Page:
Reaping the rewards of athletics and education

Warwick Valley grad Jason Boone’s decision to play for Division III NYU yields academic and athletic rewards


NEW YORK, NY — In a world where young athletes are constantly scrutinized for making erroneous and selfish decisions, New York University student-athlete Jason Boone shows that the needle in a haystack can still be found.

Integrating studies, basketball practices and adjusting to life in New York City, Boone, a level-headed sophomore originally from Bronx, NY, has all the admirable traits that an ideal collegiate athlete should encompass. To him, life is more than just rebounds and fast breaks, yet it is also refreshing that at an academic center such as NYU, sports are still taken seriously by some of its participants.

Boone, a six-foot-six, 250-pound center was heavily recruited in both football and basketball coming out of Warwick Valley High School. Many Division I schools came knocking at his door, but many also felt that an extra year of conditioning at a prep school was necessary for his competition in D-I athletics. Knowing that he was primed for college on an intellectual level—even though he may not have been athletically—Boone chose to attend NYU, a Division III school in basketball, but among the best in the nation academically.

Sugar Loaf was where Boone first developed his skills on the gridiron and on the court. The transition for a kid moving from the rugged streets of the Bronx to the suburban laidback atmosphere of upstate New York was not as difficult as one might conceive. Despite living in a predominately Caucasian area, Boone, an African-American, was able to blend in quickly and become one of the most popular students at Warwick Valley High School.

Hearing Boone describe his family life, it becomes easier to comprehend how one student-athlete could be so successful.

His mother, a guidance counselor, and his father, a sales representative, always stressed when he was younger the importance of maintaining good values. That resonated in his mind quickly and he is currently trying to instill the same outlook to his younger brother Malcolm, who at 14 is at the age when Boone feels a positive, influential role model is most needed.

“I can rely on people and people can rely on me,” said Boone, who is willing to share his thoughts and experiences not only with family, but seemingly with anyone who would approach him to do so.

Perhaps his most influential family member though, was his uncle, a former star athlete himself. A tragic accident paralyzed him just before he was to attend college on an athletic scholarship, but that did not faze him from trying to pass on similar values that Boone’s parents also stressed. The passing of his uncle seriously affected Boone, but also inspired him.

When Boone utters the phrase that his uncle taught him “to live life every day to its fullest,” it resonates as more than just a cliché. Life at NYU has come with its bumps, such as adjusting to roommates who are not always truthful. “I hate people that lie,” said Boone, but it is clear that it doesn’t affect him for too long and he just continues to make the best of his transition into adulthood.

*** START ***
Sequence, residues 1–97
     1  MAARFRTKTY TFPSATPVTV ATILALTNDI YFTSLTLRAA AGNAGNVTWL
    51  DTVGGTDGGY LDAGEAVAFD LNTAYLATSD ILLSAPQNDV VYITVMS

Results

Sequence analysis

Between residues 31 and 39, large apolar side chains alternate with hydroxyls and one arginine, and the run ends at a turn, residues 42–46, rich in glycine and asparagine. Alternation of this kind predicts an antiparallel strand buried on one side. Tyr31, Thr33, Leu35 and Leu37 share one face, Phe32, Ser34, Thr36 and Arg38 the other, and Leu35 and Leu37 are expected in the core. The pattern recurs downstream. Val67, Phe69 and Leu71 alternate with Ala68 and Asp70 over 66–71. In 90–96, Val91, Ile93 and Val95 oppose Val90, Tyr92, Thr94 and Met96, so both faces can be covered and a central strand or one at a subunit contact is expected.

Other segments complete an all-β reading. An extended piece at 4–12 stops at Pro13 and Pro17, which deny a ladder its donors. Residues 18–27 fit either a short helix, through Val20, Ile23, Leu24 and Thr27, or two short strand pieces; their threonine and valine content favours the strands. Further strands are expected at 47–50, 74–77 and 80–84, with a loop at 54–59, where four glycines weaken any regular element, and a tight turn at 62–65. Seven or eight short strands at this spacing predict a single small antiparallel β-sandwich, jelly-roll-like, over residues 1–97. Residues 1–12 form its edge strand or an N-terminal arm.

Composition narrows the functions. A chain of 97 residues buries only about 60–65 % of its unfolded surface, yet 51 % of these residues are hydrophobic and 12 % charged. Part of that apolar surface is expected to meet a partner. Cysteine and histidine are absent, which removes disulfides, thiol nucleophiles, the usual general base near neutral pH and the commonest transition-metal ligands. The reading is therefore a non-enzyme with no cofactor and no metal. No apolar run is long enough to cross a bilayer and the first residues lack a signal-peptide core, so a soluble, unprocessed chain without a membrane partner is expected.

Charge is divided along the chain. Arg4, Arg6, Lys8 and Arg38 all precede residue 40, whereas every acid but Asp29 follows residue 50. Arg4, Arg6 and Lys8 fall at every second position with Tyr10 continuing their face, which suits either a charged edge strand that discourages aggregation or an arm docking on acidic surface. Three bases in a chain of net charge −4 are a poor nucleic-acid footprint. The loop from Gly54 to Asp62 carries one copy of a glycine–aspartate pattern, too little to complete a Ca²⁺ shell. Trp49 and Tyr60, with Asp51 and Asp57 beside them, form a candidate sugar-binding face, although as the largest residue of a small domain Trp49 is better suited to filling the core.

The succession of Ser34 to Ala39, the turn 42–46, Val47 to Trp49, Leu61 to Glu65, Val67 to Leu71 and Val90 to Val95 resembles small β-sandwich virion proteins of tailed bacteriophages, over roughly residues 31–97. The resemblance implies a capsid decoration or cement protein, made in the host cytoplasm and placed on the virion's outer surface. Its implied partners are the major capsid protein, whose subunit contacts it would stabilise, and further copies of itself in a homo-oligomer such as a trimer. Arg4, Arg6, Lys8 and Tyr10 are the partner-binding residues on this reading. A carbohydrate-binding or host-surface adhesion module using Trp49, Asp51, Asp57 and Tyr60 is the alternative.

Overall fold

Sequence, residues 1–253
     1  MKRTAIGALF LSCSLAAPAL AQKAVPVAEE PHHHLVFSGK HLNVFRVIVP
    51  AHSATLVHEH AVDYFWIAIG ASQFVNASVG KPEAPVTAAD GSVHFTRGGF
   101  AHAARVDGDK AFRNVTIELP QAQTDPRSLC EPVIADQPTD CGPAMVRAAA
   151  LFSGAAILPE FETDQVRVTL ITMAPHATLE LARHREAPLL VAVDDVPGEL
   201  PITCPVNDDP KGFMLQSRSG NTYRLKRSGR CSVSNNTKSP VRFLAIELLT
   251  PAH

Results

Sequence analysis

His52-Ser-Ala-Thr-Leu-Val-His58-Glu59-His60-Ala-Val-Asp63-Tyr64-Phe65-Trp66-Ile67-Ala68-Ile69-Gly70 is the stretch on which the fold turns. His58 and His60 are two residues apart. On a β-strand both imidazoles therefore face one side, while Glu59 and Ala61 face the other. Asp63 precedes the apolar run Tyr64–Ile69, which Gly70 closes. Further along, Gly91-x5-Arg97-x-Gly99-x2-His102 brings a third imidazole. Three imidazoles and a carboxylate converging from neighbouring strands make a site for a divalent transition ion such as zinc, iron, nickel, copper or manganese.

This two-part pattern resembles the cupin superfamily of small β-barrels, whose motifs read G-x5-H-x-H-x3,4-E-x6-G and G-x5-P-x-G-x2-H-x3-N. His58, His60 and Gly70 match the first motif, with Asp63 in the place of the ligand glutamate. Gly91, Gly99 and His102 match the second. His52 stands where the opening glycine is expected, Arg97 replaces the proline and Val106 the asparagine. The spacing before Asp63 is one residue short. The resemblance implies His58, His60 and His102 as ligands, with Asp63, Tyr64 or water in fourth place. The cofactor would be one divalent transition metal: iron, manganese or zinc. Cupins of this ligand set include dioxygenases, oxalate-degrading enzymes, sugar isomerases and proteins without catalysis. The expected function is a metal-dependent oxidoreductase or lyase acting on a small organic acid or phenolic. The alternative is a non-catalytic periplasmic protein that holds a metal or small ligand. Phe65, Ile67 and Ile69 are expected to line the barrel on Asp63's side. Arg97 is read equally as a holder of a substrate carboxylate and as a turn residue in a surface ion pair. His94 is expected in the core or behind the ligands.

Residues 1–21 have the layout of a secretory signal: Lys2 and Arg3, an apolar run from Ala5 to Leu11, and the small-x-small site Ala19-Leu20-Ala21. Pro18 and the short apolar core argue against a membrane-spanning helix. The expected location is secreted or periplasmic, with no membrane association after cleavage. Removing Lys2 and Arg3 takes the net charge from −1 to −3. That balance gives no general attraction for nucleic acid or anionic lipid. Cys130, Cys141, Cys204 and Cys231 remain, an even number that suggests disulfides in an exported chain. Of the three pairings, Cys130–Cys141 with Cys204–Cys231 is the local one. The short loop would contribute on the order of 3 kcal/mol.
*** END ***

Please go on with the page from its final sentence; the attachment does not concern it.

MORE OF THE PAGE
There were some changes in coaching styles from high school to college that Boone had to adjust to upon arriving last year at Washington Square. He describes NYU head basketball coach Joe Nesci as an “aggressive, in-your-face coach,” a contrast from the laid- back coaching in high school, but that he still has what it takes to “bring out the best” in the players.

On the court he still grabs boards as if he is the six-foot-six center who in high school towered over opponents, but Boone is humble enough to realize that he still needs to improve his foul shooting.

“We felt that Jason could help us out right away as a freshman because of his natural athletic ability. Jason is a gifted athlete with size, strength, and most importantly intelligence. He knows how to play the game; he is unselfish and disciplined. Jason has matured into a leader on and off the court. He leads by example,” said assistant coach Seth Peloso.

Boone mentions Shaquille O’Neal when asked to describe his presence in the paint, but he is also inspired by the ferocious athletic play of all-stars Kenyon Martin and Amare Stoudemire. After school, realizing that the NBA dream isn’t for everyone, Boone wishes to become a broadcaster, someone with the presence of a Stuart Scott.

But unlike his ESPN cohort, it seems Boone’s persona will make him more than just your modern day sports personality. No shtick or catch phrases needed, just the determination of a modest young man focused on preparing himself to take on everything that life sends his way.

Sports editor’s note: Jason Boone’s story speaks volumes about values. Many high school students are mesmerized by the appeal of large Division I programs and professional athletics. Blinded by the spotlight of fame and the allure of unimaginable wealth, student athletes’ dreams often center on the unlikely prospect that they will be among the chosen few. A fine education and the building of lifelong values are within the reach of all. Boone’s success affirms those goals as something all kids can strive for.

[Seth Berkman is an aspiring journalist from Howell, New Jersey.]

Contributed photo by New York University Sports Information
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